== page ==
Written by Bradley and B.P. Cooper
Directed by Bradley King
Life is difficult enough as it is without the pressures of having to follow the blueprints of a perfectly defined future. At least without knowing what tomorrow has in store a person can always reassure themselves with the knowledge that can create their own destiny. The concept of being told exactly what will happen in the near future is a frightening one. What could be changed? Why would something be changed? What risks are incurred by changing anything at all? Such existential queries are sufficiently weighty to bring madness upon anyone. Such is the precarious predicament a trio of protagonists find themselves wrestling with in the debut feature film from director Bradley King, Time Lapse.
Finn (Matt O’Leary), girlfriend Callie (Danielle Panabaker) and their roommate Jasper (George Finn) live together in a relatively cozy if modest one-story apartment in a gated community. Finn is a painter, aspiring to make a respectable living with his brush and his canvas although currently experiencing a dearth of creativity. Callie serves as landlord of the grounds, collecting rent and making certain everything runs smoothly. Jasper is decidedly on the lower end of the household’s hierarchy, banking what little money he has on dog race bets. Their simpleton lives, both collectively and individually, take a radical twist the day they make a shocking discovery in the apartment across theirs. The absentee renter, a scientist of sorts, left behind a humungous machine that can take pictures twenty-four hours into the future. With the machine aiming directly at their living room window, the trio uses the inexplicable technology to its own benefit but how much control of the future do the heroes really have?
For the most part Time Lapse efficiently builds suspense around its simple conceit, offering a tightly wound up story that showcases how a once closely-knit unit can break apart when its pieces begin to obsess over the details of their respective lives that were, that are and those that shall come to pass. Bradley King smartly offers up a depiction of people’s obsession with destiny. In this case said destiny is not manifest in the traditionally understood sense but rather figuratively served on a platter for the trio of plucky protagonists to observe, digest and then obsessively try to adhere to it out of fear that any deviation will lead to their obsolescence. Notwithstanding a few bumps in the road, most of which rear their ugly heads in the home stretch, Time Lapse is not only a strong piece of character development but a very fun ride as well.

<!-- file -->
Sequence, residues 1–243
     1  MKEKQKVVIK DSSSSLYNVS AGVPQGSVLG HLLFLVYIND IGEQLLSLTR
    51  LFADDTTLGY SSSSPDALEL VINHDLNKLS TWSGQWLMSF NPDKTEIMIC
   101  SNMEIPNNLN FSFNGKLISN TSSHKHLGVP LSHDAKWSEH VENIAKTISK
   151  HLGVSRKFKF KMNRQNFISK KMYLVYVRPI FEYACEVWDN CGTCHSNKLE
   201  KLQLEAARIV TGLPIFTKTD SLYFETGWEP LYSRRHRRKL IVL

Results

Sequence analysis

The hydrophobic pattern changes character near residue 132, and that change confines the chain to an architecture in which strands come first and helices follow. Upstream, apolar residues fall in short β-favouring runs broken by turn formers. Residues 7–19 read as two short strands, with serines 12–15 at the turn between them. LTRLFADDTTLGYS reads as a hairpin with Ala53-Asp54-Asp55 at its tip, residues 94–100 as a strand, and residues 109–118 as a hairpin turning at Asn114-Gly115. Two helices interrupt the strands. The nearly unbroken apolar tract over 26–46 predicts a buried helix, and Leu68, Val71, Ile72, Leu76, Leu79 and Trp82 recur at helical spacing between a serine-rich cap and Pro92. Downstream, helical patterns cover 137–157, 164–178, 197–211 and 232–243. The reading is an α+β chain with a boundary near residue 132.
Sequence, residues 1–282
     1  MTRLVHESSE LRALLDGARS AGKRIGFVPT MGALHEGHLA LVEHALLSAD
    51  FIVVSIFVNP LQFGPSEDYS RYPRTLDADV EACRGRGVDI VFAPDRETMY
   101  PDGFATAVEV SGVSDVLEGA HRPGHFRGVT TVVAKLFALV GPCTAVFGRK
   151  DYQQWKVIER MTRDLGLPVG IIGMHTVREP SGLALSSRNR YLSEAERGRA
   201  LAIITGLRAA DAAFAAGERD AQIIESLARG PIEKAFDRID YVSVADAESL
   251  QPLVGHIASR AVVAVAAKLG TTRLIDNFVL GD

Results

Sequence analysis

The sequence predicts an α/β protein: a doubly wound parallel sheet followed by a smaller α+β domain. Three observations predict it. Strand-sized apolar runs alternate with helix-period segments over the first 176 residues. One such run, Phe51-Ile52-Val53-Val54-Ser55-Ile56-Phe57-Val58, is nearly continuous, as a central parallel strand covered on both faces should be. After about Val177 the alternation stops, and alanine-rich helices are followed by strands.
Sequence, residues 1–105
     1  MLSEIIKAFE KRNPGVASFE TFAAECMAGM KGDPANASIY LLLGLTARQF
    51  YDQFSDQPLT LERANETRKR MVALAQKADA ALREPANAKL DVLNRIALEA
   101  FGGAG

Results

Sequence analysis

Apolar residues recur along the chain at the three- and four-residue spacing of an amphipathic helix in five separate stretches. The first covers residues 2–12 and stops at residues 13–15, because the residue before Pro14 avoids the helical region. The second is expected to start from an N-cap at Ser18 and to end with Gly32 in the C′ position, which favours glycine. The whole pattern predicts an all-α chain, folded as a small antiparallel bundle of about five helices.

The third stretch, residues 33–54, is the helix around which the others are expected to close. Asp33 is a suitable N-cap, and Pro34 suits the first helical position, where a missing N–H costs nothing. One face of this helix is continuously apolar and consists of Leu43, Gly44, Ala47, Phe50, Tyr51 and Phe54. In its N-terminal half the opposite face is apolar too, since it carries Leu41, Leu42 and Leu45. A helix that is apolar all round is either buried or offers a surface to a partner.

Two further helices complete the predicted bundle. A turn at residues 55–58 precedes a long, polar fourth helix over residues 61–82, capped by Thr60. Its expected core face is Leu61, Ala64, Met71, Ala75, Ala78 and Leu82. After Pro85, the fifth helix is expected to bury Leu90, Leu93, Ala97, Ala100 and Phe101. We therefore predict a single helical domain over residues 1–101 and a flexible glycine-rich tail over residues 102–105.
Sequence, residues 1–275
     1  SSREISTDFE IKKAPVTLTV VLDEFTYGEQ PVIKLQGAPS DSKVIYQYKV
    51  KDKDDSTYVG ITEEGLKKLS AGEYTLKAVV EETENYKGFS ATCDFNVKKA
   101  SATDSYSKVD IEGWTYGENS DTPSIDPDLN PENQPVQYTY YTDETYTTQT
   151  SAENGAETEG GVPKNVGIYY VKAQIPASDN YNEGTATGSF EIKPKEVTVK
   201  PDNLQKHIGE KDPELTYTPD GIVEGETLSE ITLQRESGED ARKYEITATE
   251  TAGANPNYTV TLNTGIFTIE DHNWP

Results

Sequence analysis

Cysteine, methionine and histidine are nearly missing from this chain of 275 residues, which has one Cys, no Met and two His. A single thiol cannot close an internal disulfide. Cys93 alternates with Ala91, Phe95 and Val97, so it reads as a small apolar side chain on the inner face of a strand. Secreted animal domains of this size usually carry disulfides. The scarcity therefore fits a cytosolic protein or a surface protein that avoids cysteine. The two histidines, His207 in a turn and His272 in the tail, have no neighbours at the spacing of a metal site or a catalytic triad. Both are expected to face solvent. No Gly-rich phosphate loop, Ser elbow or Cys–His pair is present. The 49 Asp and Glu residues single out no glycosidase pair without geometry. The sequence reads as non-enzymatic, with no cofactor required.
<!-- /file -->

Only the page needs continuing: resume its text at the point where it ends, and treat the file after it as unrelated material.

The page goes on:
The intensity that drives Finn, Callie and especially Jasper in replicating to the finest detail what the photographs indicate ‘will’ happen speaks directly to humanity’s continued desire to control its own future however cumbersome or ill conceived the strategies it adopts to remain on the path to what it believes it can attain. Theories, history, calculations, ecology, sociology common knowledge and the like are constantly utilized to predict either the best or most profitable outcome given the circumstances. It’s how people have operated since the dawn of human society. As history demonstrates greed frequently plays a major role in deciding which path to choose from, an instinct immediately replicated by Jasper and his roommates when the mysterious machine produces pictures of them holding up the next day’s race winners against the window. One thing leads to another, among them the fact that Jasper’s gangster contact Ivan (Jason Spisak) that puts up the bids learns of their trickery and gets in on the act himself with disastrous results.
What Time Lapse points out in devastating fashion is how people are ultimately selfish beings, willing to risk the good of the group for their own idiosyncratic purposes. Even attempts at preserving harmony within a society can be and often are smeared by one’s own personal agendas to the extent that it becomes all too difficult to differentiate altruism from greed. Director King handles the material quite handsomely, at ease with exploring the minutia of the human behaviour at play in a confined location where every move, wise or dumb, plays a huge role in whether or not the players will make out of their crisis alive. The film nicely juggles an easy, brisk pace whilst always paying character development it due. Near the very end Time Lapse frustratingly opts to add a twist with large repercussions on the overarching story that serves to convolute matters more than anything else. Although one can only assume what led the writers to proceed with said twist, on face value its employment suggests a lack of trust in the audience’s acceptance in how the protagonists have evolved up until that very point. Nothing could be further from the truth as much of what precedes the reveal makes perfect sense given the very far-fetched, science-fiction-driven circumstances.
The climax is indeed a nagging issue as one leaves the theatre since the picture is very close to being great entertaining, not to mention highly intelligent. That one issue aside (albeit a glaring one), Time Lapse is a confident directorial feature-length debut from Bradley King. Assuming the writer-director works on his endings a bit more there is a lot of promise here. Then again, who can predict the future, really?